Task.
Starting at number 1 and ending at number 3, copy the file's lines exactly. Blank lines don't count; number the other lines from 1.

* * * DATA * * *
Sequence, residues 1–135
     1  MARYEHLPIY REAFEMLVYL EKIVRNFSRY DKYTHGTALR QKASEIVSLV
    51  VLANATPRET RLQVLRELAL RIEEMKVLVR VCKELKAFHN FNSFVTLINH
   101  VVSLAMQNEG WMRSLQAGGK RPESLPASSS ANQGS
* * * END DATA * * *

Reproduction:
Sequence, residues 1–135
     1  MARYEHLPIY REAFEMLVYL EKIVRNFSRY DKYTHGTALR QKASEIVSLV
    51  VLANATPRET RLQVLRELAL RIEEMKVLVR VCKELKAFHN FNSFVTLINH